If the Southern Baptist Convention is to survive as an entity of biblical Christianity, the authority and sufficiency of Scripture is the number one issue that must be dealt with. If this issue is properly addressed and corrected, it will alleviate or minimize nearly all other problems facing the SBC. We must submit to God’s written Word and give Scripture its proper place – first place – in our denomination, our individual churches, and our personal lives.
Basic Training: The Bible Is Our Authority
Basic Training: The Bible Is Sufficient
False Doctrine and False Teachers
If the SBC truly regarded the Bible as authoritative and sufficient, the cancer of false doctrine and false teachers that is slowly killing us would be cured or in remission. Indeed, the aforementioned false teaching of extra-biblical (God told me, showed me in a dream, spoke to me, etc.) revelation is probably the most pervasive false doctrine accepted among Southern Baptists.
When Hilkiah found the Book of the Law in the temple (Imagine a house of God in such a shambles of idolatry that people had to dig and search for the actual Scriptures. Selah.), and Shaphan read it to Josiah, Josiah tore his clothes in grief and began to set God’s house and God’s people in order. After covenanting together with the people to obey God’s Word, the very first thing Josiah did was to have the altars and vessels of false gods carried out of God’s house and destroyed. If the SBC would follow in Josiah’s footsteps we would see things like:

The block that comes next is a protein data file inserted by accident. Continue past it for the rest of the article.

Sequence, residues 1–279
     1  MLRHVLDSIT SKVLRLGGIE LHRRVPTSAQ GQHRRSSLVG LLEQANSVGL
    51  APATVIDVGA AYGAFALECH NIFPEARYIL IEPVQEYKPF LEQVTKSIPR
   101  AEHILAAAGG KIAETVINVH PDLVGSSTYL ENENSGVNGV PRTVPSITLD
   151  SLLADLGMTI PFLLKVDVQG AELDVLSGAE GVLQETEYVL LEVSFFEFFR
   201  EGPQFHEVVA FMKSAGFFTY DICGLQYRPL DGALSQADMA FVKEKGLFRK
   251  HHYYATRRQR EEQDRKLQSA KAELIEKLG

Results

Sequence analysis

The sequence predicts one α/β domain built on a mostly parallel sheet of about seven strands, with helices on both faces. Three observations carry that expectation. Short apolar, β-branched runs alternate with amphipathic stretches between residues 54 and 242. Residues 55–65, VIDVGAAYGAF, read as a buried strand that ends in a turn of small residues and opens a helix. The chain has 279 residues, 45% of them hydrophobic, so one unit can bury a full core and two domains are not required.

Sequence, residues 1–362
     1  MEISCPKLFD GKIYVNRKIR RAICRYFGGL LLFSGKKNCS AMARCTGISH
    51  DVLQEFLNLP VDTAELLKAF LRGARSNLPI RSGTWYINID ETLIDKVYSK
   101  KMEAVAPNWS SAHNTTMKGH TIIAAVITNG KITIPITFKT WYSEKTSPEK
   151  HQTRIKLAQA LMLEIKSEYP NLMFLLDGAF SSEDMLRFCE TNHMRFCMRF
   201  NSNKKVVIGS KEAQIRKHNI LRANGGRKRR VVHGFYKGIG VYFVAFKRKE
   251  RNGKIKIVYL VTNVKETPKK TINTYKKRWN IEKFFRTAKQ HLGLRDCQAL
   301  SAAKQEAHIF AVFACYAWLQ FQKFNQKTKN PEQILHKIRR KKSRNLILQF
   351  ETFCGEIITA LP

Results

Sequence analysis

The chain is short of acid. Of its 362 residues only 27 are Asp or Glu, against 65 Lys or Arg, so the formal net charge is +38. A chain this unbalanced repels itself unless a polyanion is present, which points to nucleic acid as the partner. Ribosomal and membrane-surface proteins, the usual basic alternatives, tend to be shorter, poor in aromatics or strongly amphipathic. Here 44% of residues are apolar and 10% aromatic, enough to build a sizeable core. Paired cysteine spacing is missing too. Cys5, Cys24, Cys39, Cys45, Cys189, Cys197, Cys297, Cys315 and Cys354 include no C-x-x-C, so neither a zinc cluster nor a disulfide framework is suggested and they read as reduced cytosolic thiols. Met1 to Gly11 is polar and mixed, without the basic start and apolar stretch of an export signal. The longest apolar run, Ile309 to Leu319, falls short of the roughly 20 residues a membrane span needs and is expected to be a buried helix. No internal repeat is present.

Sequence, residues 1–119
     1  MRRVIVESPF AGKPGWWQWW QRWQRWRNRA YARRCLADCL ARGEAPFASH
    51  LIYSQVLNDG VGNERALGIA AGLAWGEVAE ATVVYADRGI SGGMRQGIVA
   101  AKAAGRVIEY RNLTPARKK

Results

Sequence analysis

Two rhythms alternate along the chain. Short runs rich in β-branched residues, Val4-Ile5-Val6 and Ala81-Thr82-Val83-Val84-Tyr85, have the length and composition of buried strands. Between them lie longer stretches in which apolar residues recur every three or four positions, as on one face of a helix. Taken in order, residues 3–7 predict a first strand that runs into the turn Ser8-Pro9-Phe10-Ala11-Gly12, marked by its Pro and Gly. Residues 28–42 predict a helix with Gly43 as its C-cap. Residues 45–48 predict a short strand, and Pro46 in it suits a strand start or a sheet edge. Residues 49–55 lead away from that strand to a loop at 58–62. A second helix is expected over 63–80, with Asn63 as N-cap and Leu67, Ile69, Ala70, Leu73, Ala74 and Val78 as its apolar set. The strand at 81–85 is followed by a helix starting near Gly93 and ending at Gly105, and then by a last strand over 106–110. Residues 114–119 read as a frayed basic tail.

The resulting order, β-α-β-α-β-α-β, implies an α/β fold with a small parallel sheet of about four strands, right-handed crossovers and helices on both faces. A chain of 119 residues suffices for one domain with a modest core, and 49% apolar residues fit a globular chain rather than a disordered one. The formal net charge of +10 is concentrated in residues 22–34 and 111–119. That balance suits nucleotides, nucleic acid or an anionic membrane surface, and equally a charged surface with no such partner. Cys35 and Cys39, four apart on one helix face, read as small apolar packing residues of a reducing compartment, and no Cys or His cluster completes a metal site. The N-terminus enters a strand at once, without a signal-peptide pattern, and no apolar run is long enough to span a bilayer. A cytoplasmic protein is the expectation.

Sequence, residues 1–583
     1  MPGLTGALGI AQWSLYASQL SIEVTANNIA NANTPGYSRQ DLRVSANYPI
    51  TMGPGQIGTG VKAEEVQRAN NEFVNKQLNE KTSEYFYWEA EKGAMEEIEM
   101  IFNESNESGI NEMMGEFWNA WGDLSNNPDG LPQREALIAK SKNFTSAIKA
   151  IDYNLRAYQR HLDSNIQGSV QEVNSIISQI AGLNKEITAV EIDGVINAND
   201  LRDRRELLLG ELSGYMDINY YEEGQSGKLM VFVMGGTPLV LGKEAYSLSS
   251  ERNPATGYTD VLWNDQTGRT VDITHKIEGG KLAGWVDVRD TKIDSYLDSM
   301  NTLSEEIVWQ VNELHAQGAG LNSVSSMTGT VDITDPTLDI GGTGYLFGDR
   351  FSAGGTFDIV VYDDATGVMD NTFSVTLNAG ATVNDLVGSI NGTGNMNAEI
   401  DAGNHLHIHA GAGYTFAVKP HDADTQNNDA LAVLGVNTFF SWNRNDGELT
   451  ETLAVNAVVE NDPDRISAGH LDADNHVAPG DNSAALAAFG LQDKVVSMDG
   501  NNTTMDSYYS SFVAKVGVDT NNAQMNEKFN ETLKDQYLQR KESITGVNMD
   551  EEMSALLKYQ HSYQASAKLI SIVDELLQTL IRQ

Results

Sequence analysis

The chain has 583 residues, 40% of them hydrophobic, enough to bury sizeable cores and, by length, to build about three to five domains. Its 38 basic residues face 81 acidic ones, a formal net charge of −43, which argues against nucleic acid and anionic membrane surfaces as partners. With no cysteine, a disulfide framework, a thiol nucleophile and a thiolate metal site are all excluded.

LifeWay would immediately remove and destroy any and all materials by Beth Moore, Andy Stanley, Priscilla Shirer, TD Jakes, Lysa TerKeurst, Sarah Young, Christine Caine, Bethel Music, Jesus Culture, Hillsong, and all other false teachers and promulgators of false doctrine.
There would be no more conferences, simulcasts, or leadership training seminars featuring false teachers, and false teachers would certainly not be invited to speak in any capacity at the annual Southern Baptist Convention.
Pastors, authors, and speakers who attempted to build a career inside the SBC by teaching false doctrine would be subject to church discipline for their sin, not turned into celebrities or appointed or elected to denominational leadership positions.
Messenger voting privileges at the Convention would be revoked for churches which habitually and unrepentantly welcome false teachers.